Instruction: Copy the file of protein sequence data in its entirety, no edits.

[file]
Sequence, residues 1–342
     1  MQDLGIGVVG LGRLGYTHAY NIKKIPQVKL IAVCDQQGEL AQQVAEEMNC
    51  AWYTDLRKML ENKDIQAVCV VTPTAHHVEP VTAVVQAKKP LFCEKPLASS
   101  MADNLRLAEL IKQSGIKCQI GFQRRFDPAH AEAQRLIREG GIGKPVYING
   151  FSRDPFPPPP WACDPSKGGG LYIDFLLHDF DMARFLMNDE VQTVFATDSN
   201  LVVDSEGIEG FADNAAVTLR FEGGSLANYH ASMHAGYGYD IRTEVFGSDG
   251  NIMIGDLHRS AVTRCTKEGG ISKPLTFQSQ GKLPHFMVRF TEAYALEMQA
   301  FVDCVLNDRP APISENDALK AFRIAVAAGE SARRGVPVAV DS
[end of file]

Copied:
Sequence, residues 1–342
     1  MQDLGIGVVG LGRLGYTHAY NIKKIPQVKL IAVCDQQGEL AQQVAEEMNC
    51  AWYTDLRKML ENKDIQAVCV VTPTAHHVEP VTAVVQAKKP LFCEKPLASS
   101  MADNLRLAEL IKQSGIKCQI GFQRRFDPAH AEAQRLIREG GIGKPVYING
   151  FSRDPFPPPP WACDPSKGGG LYIDFLLHDF DMARFLMNDE VQTVFATDSN
   201  LVVDSEGIEG FADNAAVTLR FEGGSLANYH ASMHAGYGYD IRTEVFGSDG
   251  NIMIGDLHRS AVTRCTKEGG ISKPLTFQSQ GKLPHFMVRF TEAYALEMQA
   301  FVDCVLNDRP APISENDALK AFRIAVAAGE SARRGVPVAV DS